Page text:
Understanding with empathy
Key to this is getting to the heart of people’s wants and needs, going beyond the functional detail of what people say to a deeper understanding of what makes them feel, think and behave in the way they do.
To get to this deeper level of understanding we need to nurture a connection with the people we’re speaking to, creating a bond that is built on trust and mutual respect. How do we do that? We build empathy.
The big question of course is how do you build empathy? While there is no one perfect recipe the five considerations below will go a long way to creating the right environment for a rich and insightful conversation.
01. Parking Preconceptions
As a team we often find ourselves in unfamiliar territory during projects, it might be a completely foreign subject matter or that we are looking at a familiar scenario but from the perspective of a particular stakeholder. Unfamiliarity may at first blush seem a hinderance but it does ensure one of the most important steps to building empathy and that is to be free of any preconceptions. It is only by looking through fresh eyes that we can gather meaningful insights, by limiting our assumptions our eyes are opened to how people are actually behaving.
We want our interviews to feel like conversations. We are not there to work through a checklist of questions but instead trying to create a guided but flowing dialogue. As it’s a conversation, we need to make sure that we’re listening to peoples answers and reacting accordingly. There is a real art to working through a discussion guide, thinking of the next questions, while still maintaining a natural flow. This is especially true when covering sensitive subject matter.
Wherever and whenever possible get out and spend time with the people you are speaking to in their surroundings. Not only does this give context to the conversation and help with clues and visual observations but it will also help to put your interviewee at ease. This also creates an opportunity to observe people in their natural environment where often they will be doing things unconsciously without realising the importance of their actions. Engrained habits such as how chefs speedily open cartons of tomatoes by slicing them open with a knife, or the route that people follow when shopping in a supermarket can easily be missed in conversations, but could be key insights that shape a design ethos.
To really understand the people we’re talking to we need to go deep. Yes, they prefer the more premium brand of milk but why? There will be several layers to their decisions and the questions we ask need to be carefully chosen to unravel the detail in order to reveal what lies at the heart of the matter. Broad open questions allow us to establish the landscape, whereas more targeted, focused questions home in on specific details. Why did they buy premium milk? Because:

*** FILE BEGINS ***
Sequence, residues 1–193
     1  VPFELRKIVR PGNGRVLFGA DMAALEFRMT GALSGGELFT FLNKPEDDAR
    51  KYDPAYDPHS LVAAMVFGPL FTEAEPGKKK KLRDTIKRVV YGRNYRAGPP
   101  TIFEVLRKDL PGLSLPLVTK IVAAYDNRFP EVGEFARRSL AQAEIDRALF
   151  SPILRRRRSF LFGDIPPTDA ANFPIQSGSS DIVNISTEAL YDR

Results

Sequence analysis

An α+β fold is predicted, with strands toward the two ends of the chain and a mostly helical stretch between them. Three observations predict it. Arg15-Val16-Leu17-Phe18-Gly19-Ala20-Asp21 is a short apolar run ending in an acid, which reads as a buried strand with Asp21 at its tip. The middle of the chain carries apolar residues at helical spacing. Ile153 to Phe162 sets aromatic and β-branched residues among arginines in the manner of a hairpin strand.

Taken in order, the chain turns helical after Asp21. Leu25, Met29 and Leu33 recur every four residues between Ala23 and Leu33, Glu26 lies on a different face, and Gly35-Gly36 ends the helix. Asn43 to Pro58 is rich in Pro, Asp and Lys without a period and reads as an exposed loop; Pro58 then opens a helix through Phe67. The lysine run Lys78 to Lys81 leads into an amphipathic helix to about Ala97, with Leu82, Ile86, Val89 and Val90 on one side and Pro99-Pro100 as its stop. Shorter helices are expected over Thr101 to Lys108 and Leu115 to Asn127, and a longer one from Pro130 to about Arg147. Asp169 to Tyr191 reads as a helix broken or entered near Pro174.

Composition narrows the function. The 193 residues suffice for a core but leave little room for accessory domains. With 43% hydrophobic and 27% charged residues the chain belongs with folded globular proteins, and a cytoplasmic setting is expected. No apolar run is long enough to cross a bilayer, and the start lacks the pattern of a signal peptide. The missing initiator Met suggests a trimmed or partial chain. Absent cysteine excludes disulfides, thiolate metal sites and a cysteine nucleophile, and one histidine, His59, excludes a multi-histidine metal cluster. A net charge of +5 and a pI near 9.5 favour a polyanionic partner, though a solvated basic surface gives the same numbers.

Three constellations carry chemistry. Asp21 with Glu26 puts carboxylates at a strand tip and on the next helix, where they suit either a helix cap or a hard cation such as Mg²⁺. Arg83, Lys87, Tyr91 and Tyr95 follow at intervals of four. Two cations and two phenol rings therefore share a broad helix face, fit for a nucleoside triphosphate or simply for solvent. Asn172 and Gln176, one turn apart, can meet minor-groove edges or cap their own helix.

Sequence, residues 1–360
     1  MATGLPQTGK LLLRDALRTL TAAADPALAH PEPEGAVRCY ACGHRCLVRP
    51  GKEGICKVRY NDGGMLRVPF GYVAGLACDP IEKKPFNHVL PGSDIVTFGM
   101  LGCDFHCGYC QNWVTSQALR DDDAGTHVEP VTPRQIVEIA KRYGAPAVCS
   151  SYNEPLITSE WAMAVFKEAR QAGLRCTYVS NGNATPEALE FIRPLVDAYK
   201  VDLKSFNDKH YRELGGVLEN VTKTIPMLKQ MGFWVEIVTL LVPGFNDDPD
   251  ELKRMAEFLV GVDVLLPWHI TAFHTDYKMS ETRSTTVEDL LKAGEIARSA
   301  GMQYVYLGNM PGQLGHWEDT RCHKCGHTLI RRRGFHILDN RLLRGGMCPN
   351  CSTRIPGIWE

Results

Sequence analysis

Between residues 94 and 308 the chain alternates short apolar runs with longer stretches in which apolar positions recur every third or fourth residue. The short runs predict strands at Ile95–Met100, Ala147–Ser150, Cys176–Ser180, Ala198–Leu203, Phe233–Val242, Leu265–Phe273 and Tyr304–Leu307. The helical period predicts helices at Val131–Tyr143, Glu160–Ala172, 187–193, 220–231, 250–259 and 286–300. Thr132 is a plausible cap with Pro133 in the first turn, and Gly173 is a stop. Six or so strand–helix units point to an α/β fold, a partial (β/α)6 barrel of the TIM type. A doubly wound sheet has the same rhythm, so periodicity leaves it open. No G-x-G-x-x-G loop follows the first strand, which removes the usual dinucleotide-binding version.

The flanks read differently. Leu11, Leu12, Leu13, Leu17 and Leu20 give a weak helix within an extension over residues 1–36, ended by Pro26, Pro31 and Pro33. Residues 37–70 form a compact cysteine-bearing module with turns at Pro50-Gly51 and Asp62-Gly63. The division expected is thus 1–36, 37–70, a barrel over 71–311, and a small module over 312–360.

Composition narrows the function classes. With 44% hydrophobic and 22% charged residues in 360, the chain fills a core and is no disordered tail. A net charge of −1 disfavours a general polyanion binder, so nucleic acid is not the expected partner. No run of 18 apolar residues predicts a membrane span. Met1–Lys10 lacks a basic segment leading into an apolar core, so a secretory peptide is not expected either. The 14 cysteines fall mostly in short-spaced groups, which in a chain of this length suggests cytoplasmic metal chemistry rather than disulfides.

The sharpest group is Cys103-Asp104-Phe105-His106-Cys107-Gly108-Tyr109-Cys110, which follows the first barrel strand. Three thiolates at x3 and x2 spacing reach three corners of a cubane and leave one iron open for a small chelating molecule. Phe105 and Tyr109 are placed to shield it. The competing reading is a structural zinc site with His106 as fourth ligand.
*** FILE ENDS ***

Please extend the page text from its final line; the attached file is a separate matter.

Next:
1. They thought it came from the best source and therefore has the best quality nutrition.
2. Which meant their children would have the best start in life.
3. Which made them feel like they were doing everything they could as a parent for their children.
4. Because they wanted to be a good parent.
Layers beneath layers beneath layers.
So we’ve established that rapport, dialogue and open questions are all vital to building empathy but what happens when we don’t speak the same language? As 60% of our work is done outside of the UK this is a situation that presents itself on a surprisingly regular basis. While we often work with interpreters to help us with our conversations, we also develop tools and methodologies that cross language barriers so that we can have natural interactions with the people sitting across from us.
Memorable examples include an immersive board game used in China, Poland and the US to define the common language of comfort and a collaborative construction exercise with children to understand what they want from a piece of packaging.
Empathy is the key to seeing the world through the eyes of others, it is only by delving deep into the thoughts, feelings and actions of our users that we can uncover the insights needed to create truly impactful design that makes a difference to people’s lives. By uncovering and understanding the hidden wants and needs that often never materialise beyond the subconscious, we can glean the clues that allow us to identify what really matters.
Key to building empathy is the development of trust between us as guests, in the lives of our respondents who are the experts. One thing we must never forget is that it’s a privilege to be given a glimpse into someone else’s personal world and that we must enter this new relationship with a mind devoid of preconceptions.